SEATTLE, WA - DECEMBER 23: David Akers #2 of the San Francisco 49ers kicks a successful 54-yard field goal attempt in the second quarter from the hold of Andy Lee #4 against the Seattle Seahawks at Qwest Field on December 23, 2012 in Seattle, Washington. (Photo by Otto Greule Jr/Getty Images)
David Akers has struggled this season, and the 49ers are worried their shaky place-kicker won’t be reliable in the playoffs.
But Billy Cundiff – signed by the team Tuesday to compete with Akers for the job – also has a track record of unreliability and doesn’t have the range of Akers.
Now, Niners head coach Jim Harbaugh apparently will have an open competition between Akers and Cundiff for the kicking job over the next week or so, before San Francisco opens the playoffs on Saturday, Jan. 12, against an opponent that will be determined in the wild-card round this weekend.
In the end, it may come down to Harbaugh hoping he can raise Akers’ focus and accuracy during the tryout process, and see some improvement that will allow him to stay with him, because Cundiff’s history is one of inconsistency.
There’s no question that Akers has been less effective this season than he was in 2011, when he was amazingly consistent, making 44-of-52 field goals (84.6 percent), including 20 field goals longer than 40 yards.
This season, Akers has made just 69 percent of his tries, a career low, and he’s just 9-of-19 from 40 or more yards. In the regular-season finale against Arizona this past Sunday, Akers missed two more field goals, but also made two.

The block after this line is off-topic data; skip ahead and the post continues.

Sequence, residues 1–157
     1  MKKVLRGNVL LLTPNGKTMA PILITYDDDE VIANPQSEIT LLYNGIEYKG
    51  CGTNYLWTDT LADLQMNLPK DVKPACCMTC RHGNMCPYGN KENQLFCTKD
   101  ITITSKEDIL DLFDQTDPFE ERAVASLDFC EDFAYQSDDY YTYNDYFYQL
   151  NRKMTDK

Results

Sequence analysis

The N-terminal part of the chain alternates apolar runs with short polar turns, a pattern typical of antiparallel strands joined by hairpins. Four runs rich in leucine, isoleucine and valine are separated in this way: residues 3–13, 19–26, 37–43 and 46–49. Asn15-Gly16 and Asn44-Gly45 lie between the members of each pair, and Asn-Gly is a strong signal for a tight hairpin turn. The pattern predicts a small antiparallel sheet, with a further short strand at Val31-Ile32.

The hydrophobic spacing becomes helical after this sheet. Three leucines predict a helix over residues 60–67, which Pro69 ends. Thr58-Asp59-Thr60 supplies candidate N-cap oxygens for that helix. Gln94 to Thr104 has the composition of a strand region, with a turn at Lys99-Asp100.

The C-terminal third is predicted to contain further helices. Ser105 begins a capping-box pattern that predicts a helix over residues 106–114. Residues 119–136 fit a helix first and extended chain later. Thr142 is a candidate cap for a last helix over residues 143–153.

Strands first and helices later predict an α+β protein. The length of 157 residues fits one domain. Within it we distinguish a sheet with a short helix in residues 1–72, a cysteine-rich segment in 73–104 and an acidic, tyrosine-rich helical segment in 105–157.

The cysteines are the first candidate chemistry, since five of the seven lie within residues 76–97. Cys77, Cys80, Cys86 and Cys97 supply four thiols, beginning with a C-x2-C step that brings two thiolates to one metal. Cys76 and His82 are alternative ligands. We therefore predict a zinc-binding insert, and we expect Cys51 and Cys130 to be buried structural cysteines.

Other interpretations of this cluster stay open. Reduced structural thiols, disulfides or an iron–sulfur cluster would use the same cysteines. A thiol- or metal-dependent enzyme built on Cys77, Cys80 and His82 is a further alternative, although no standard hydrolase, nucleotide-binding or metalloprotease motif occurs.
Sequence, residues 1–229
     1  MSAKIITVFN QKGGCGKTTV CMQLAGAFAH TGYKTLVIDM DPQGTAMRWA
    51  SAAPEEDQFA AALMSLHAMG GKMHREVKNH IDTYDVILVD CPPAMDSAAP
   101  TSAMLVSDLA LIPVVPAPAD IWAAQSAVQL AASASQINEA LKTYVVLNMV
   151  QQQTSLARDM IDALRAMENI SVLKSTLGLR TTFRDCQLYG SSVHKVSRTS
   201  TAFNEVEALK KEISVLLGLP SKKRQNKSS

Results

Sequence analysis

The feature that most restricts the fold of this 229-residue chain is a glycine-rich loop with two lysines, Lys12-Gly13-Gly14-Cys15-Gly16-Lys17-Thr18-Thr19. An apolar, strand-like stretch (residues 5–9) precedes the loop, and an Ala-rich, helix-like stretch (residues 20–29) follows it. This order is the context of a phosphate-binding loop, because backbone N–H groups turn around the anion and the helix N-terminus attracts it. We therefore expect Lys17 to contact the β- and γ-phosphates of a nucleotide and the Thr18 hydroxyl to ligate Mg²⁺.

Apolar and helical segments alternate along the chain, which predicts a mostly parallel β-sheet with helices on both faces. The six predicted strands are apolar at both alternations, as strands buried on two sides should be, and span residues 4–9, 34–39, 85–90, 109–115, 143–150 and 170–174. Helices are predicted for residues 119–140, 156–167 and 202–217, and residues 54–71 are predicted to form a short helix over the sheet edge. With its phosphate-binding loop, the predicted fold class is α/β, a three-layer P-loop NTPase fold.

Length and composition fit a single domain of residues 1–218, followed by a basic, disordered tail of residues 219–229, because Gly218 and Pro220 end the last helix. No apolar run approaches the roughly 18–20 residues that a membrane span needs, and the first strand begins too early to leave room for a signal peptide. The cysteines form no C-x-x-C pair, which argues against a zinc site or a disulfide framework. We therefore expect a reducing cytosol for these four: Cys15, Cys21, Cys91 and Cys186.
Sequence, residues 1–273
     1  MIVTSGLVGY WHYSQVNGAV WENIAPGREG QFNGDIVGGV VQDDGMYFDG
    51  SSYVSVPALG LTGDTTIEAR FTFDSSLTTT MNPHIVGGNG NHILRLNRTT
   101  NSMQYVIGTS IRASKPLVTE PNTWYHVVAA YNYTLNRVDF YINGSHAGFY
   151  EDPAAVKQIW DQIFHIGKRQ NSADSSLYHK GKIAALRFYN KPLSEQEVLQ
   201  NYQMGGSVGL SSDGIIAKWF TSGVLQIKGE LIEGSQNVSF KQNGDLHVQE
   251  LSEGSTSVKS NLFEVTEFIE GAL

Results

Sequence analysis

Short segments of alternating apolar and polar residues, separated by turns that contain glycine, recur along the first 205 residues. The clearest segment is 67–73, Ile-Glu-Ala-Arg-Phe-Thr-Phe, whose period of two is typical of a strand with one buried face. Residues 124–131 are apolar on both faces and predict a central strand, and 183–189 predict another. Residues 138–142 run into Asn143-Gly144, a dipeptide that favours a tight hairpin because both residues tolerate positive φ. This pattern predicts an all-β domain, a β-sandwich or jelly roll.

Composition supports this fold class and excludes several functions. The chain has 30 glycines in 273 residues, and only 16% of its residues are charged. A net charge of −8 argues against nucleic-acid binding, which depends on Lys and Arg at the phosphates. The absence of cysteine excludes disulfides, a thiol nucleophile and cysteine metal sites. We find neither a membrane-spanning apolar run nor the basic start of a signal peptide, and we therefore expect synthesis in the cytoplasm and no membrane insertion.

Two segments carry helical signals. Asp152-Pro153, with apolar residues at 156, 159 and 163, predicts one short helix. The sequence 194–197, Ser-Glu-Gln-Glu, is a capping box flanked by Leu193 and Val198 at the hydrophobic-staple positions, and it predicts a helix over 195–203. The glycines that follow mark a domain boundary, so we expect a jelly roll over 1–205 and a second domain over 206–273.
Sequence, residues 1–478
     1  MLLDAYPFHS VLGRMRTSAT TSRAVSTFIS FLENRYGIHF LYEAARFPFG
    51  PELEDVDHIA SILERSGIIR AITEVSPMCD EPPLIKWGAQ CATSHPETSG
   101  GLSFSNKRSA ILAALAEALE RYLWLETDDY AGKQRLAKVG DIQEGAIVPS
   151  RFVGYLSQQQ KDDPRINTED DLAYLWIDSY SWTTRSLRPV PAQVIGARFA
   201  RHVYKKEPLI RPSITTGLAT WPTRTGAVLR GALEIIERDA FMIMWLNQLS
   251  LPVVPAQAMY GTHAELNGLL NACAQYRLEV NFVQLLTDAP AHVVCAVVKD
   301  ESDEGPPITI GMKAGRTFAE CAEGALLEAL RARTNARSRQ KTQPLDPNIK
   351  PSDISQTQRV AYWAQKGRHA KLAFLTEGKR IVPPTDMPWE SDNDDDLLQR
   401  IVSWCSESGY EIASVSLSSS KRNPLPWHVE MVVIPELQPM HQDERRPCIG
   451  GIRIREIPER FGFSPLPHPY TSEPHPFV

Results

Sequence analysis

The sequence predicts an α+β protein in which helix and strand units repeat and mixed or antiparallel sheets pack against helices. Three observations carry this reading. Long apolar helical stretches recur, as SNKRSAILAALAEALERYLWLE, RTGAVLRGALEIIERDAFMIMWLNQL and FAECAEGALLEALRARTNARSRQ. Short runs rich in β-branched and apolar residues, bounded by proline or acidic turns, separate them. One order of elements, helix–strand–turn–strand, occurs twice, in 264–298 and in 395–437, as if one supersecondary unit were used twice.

Yet Cundiff, who was released by the Redskins earlier this season, never has had the level of success that Akers has.
This season, Cundiff was 7-of-12 on field goals with Washington. In stints with Dallas, New Orleans, Cleveland, Baltimore and Washington, Cundiff is 139-of-184 (75.5 percent) and has made just 21 kicks of 50 yards or longer (including just one of his past nine tries).
He lost his job in Baltimore after the 2011 season, when he missed a potentially game-tying 32-yard kick in the last seconds of the AFC Championship Game against the Patriots.
By comparison, Akers has made 81 percent of his career field-goal attempts and has a much stronger leg. In the 2012 opener, he made an NFL-record-tying 63-yard field goal against the Packers.
Still, Harbaugh and his staff believe they have to do something. Akers’ misses this year in the second half of the season have been costly.
In meeting with the media earlier this week, Harbaugh said if another kicker were brought in, there would be a competition for the job.
“If we had two on the roster at the same time, then they can kick in practice,” Harbaugh said Monday. “And that’s an option. That’s a possibility. I think there are three options. We go forward with David. We bring in a new kicker. Or, we have two and let them compete for the job. We’ll make that decision as we go.”
In going with option No. 3, the 49ers signed Cundiff and released reserve linebacker Eric Bakhtiari.
Now, the 49ers will see what they get: a more focused Akers, who suddenly is able to find his stroke again? Or a more reliable Cundiff, who’s able to outperform Akers in competition, giving the 49ers some peace of mind as they begin their playoff quest.
“He’s thrilled with the opportunity to be in a position to help the team in any way he can this postseason,” Cundiff’s agent, Paul Sheehy, told the Associated Press. “It’s a great opportunity, with a great organization.”